Iraqi Kurdistan is testing disused infrastructure ahead of restarting oil exports in the next few days.
"Exports from Kurdistan are due to start within a week," Abdul al Hassani, the vice chairman of the Iraqi parliament's oil and gas committee, told Bloomberg. "There is a commitment by both sides to resume oil exports from the province at an initial quantity of 100,000 barrels per day."
DNO International, a Norwegian company that pumps crude in the semi-autonomous region, said it was conducting "technical tests" in close co-ordination with the Kurdistan regional government and the Iraqi state-owned North Oil Company with the aim of raising output from the region's Tawke oilfield to 50,000 barrels per day (bpd) from the current 10,000 bpd. The crude is being sent through a pipeline that feeds Iraq's main northern oil export line to test the link's integrity.
The production tests started on Wednesday, DNO said. North Oil's pipeline currently carries oil to the Turkish border from the giant Kirkuk oilfield and other fields in northern Iraq lying outside the Kurdish zone. The oil eventually flows to an export terminal at Ceyhan on Turkey's Mediterranean coast.
Kurdish oil briefly contributed to the northern export volumes for a few months in 2009. But the Kurdish exports were suspended in October of that year because of a long-running dispute between the Kurds and Baghdad over oil contracts and payments to foreign producers.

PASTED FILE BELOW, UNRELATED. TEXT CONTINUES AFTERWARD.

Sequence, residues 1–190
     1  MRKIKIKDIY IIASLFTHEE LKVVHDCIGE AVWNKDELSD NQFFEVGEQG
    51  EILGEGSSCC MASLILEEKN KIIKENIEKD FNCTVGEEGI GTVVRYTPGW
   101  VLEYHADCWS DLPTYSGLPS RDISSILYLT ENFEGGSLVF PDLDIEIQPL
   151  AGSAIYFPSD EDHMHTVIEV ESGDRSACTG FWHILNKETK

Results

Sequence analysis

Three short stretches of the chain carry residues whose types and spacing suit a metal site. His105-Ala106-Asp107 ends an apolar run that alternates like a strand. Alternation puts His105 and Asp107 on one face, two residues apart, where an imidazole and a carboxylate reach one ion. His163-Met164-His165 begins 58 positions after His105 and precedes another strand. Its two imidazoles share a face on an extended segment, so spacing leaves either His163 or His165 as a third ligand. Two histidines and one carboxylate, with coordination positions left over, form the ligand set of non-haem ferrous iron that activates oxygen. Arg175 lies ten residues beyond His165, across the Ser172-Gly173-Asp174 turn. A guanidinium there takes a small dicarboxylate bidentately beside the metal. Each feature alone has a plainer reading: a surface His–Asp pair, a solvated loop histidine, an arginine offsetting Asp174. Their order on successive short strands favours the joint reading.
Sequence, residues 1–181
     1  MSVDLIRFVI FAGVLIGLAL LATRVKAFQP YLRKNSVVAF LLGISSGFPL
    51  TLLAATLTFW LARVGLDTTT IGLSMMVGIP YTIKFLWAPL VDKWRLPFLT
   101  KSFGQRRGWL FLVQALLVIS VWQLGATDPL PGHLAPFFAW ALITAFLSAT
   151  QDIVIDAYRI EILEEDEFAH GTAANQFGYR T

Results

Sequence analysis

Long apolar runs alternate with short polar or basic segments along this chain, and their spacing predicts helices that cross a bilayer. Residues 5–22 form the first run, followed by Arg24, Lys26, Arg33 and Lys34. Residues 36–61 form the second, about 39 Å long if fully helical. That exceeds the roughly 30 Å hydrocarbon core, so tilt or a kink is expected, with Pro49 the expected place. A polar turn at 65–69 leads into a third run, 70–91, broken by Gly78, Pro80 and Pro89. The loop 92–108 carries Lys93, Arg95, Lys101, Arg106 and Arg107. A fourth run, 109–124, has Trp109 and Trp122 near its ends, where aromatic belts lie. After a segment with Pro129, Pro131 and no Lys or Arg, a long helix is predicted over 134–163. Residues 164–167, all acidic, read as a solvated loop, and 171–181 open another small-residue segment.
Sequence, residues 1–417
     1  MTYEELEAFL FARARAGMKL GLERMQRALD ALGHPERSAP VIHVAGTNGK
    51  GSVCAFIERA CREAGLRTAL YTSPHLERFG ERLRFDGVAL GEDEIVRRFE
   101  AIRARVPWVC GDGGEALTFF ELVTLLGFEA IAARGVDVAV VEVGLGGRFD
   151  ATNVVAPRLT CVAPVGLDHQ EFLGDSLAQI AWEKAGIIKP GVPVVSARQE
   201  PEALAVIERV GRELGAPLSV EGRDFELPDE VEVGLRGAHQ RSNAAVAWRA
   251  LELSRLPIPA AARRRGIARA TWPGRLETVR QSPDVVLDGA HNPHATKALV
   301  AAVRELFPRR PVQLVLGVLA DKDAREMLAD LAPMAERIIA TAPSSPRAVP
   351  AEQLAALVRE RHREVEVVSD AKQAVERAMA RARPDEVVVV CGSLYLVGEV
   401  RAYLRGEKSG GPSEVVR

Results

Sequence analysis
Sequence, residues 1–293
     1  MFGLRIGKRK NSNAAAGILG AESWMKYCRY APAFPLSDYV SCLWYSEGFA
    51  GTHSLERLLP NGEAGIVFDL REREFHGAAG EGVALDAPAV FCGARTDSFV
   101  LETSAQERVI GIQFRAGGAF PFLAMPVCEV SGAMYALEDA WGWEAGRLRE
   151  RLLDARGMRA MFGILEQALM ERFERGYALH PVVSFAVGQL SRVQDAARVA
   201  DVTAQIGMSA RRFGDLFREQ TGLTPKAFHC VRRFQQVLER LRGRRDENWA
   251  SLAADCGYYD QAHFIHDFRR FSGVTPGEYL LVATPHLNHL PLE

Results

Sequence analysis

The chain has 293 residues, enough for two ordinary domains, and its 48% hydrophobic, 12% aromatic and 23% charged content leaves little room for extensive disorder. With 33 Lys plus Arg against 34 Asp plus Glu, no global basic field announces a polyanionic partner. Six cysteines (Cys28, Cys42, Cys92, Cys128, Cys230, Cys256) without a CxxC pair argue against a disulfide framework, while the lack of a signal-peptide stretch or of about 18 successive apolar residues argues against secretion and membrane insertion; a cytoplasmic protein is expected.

Last month, Iraq's central government and the Kurdistan regional government signed an agreement to resume Kurdish oil exports and pay foreign producers, Asim Jihad, the Iraqi oil ministry spokesman, said on January 22.
Exports from two Kurdish fields - Tawke and Tak Tak - were to restart on Tuesday, according to Iraqi government officials, but the plan appears to be running a few days late.
DNO, the Turkish company Genel Enerji and China's Sinopec are so far the only foreign oil companies to develop production capacity in Kurdistan.
"We have agreed that they will resume exports of 100,000 bpd," said Hussain al Shahristani, the Iraqi deputy prime minister for energy. "We expect them to reach it."
As international crude prices continue to rise, Baghdad is seeking to boost Iraq's oil exports, which supply 95 per cent of the country's foreign revenue.
Crude exports increased to 2.15 million bpd last month from 1.95 bpd in December, Falah Alamri, the head of Iraq's State Oil Marketing Organisation, said on Thursday. Most of the crude was shipped from Iraq's southern oil hub of Basra.